Mar 262007
Authors: Jen Cintora


As an active volunteer in the Fort Collins community, Lisa Poppaw says she looks to give back to the community and keep the city’s reputation as the best place to live in America.

Poppaw, candidate for District 2, currently serves on the Human Relations Commission for the city of Fort Collins. She also volunteers her time as the book talk coordinator and chair of Lesher Elementary School’s Parent-Teacher Organization.

After graduating from Woodland Park High School and the University of Northern Colorado, Poppaw and her husband returned to Fort Collins to raise a family. She has lived here for 14 years.

The university’s success is vital to the area’s economy, as is the city’s relationship with CSU, Poppaw said.

“CSU provides a lot of benefits, especially when considering cultural and diversity issues,” she said. “I don’t think it’s okay CSU students are considered an extraneous part of the community. They add value.”

She said one of the biggest issues facing students is poor job retention in the summer.

“We need to retain that work force. We need to make sure that we have those jobs available,” she said.

In response to the shift of consumers shopping outside of Fort Collins, Poppaw said the city needs to be revitalized through redevelopment.

“There are opportunities like the Mason South Corridor.that can pull shoppers back into the area,” she said at a recent forum held by the League of Women Voters. “Residents need to have choices that retains shoppers and benefits small businesses by keeping tax dollars here.”

Throughout her campaign, Poppaw has familiarized herself with residents by going door-to-door to answer questions and concerns.

“I’m learning so much. I’m getting the opportunity to hear what people have to say and to share my message,” she said.

At the forum, Poppaw highlighted her position as the only woman running in this year’s election. She also noted that, if not elected, it would be the first time in 35 years that a woman had not served on the council.

Poppaw lives in Fort Collins with her husband Jim and their two children, Halle and Alex.

For more information on Poppaw’s campaign, visit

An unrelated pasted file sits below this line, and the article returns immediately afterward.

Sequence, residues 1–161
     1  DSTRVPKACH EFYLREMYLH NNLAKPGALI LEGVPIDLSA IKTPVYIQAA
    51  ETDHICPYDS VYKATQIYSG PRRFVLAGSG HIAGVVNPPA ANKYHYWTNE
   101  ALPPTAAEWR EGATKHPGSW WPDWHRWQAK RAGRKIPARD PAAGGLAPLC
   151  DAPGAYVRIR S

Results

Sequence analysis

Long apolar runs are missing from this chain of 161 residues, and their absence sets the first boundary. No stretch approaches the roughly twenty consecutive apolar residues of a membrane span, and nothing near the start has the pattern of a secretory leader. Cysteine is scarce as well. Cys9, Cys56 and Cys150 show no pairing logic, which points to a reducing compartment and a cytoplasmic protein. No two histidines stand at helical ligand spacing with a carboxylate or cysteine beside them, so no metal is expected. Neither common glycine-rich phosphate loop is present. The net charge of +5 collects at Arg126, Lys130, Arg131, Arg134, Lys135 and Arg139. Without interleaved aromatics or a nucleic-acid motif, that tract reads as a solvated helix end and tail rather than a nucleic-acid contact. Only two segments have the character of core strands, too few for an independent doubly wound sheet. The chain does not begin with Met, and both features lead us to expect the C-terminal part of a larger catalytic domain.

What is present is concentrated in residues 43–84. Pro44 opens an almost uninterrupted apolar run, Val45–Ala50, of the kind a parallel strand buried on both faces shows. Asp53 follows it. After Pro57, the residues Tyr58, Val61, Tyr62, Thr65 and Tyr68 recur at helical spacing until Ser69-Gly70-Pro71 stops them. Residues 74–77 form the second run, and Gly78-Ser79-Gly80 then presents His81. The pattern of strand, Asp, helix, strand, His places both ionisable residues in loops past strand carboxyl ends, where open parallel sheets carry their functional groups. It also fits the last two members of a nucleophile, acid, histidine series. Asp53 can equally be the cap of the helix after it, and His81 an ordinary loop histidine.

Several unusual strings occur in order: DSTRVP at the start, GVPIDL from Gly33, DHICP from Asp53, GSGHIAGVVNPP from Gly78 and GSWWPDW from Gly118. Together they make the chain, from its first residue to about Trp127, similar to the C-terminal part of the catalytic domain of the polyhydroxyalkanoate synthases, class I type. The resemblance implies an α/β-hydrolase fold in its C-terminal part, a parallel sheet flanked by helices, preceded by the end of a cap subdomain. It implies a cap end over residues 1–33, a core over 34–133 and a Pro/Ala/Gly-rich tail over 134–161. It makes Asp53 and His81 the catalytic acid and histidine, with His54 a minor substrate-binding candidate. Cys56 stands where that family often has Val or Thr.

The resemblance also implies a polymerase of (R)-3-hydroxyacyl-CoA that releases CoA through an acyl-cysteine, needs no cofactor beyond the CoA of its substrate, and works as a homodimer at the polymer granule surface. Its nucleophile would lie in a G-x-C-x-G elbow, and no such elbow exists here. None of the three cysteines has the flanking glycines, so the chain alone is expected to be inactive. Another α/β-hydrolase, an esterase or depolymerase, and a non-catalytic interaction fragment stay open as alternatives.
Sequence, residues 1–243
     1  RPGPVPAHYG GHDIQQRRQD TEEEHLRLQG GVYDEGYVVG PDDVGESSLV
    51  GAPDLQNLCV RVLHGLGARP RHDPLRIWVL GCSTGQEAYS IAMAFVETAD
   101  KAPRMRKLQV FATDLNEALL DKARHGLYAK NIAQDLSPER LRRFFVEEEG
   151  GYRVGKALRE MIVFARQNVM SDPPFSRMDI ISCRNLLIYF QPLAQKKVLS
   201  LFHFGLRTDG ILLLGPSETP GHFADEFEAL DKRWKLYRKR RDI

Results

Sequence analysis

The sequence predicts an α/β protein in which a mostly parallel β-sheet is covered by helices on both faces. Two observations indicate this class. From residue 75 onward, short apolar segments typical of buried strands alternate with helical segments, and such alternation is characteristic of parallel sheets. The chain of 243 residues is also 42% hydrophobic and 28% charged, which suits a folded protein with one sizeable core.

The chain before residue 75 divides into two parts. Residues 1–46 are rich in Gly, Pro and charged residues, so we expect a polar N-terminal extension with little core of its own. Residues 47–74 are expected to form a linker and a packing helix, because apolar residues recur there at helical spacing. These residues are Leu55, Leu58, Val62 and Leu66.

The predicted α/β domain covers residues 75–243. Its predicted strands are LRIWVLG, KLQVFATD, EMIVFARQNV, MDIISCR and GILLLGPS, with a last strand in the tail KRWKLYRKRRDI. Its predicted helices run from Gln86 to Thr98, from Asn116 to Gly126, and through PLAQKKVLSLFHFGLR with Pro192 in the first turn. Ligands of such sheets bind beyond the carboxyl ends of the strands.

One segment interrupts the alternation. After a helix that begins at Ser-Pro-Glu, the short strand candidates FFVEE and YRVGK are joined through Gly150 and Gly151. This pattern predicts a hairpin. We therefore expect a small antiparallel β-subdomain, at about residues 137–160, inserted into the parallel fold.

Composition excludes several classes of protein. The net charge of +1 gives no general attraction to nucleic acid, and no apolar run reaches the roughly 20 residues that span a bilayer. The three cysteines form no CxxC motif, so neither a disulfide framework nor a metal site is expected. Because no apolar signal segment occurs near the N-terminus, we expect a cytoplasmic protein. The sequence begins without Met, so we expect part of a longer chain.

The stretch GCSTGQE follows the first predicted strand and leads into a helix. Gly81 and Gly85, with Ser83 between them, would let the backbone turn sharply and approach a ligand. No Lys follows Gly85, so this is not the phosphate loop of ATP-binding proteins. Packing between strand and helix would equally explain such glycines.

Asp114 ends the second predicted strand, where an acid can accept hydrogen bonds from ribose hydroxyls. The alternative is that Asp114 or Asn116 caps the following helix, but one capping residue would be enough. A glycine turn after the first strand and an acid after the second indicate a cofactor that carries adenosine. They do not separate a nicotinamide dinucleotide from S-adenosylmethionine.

Growing up in Fort Collins and being an active community member inspired Matt Fries to run in the upcoming City Council election. He is a candidate for District 2 and has lived in the area for 39 years.

Fries has served on the city’s Planning and Zoning Board and is on the Children’s Clinic Capital Committee, which aids underprivileged children in receiving healthcare. Fries and his wife maintain a family business in Fort Collins. He hopes to retain the voice of a small-business owner on the council, which he said is “absolutely critical.”

“I don’t think we need seven seats, but I do think that small businesses need one seat,” he said at a recent League of Women Voters forum.

While the City Council has no direct control over CSU, Fries said, the university is a significant player in the economy of Fort Collins and its surrounding areas. According to his campaign Web site, Fries looks to partner with the university to “foster appropriate economic growth” by developing jobs within industries such as clean energy and biotech.

In light of future plans by the university to increase enrollment without providing additional housing, Fries said that lack of availability is not an issue.

“I’ve seen a lot of ‘for sale,’ ‘for rent’ signs. It’s not necessarily a capacity problem, but more of a communications problem,” he said at the forum. “We need to foster a relationship and let the city government play role as navigator, not as pilot.”

Fries said he knows CSU students are often thought of as temporary residents, which leads some community members to disagree with a student’s ability to vote in City Council elections. He does not agree, saying that students’ voices are also important, especially when looking at the large number of students who choose to remain in Fort Collins after graduating.

“It’s extremely important that they be mindful of their participation in the community,” he said. “It may impact them as a community member in the future.”

Fries graduated from Fort Collins High School in 1985. He and wife Suzanne have three children, Rachael, Marshall and Ethan.

For more information on Fries’ campaign, visit

Staff writer Jen Cintora can be reached at

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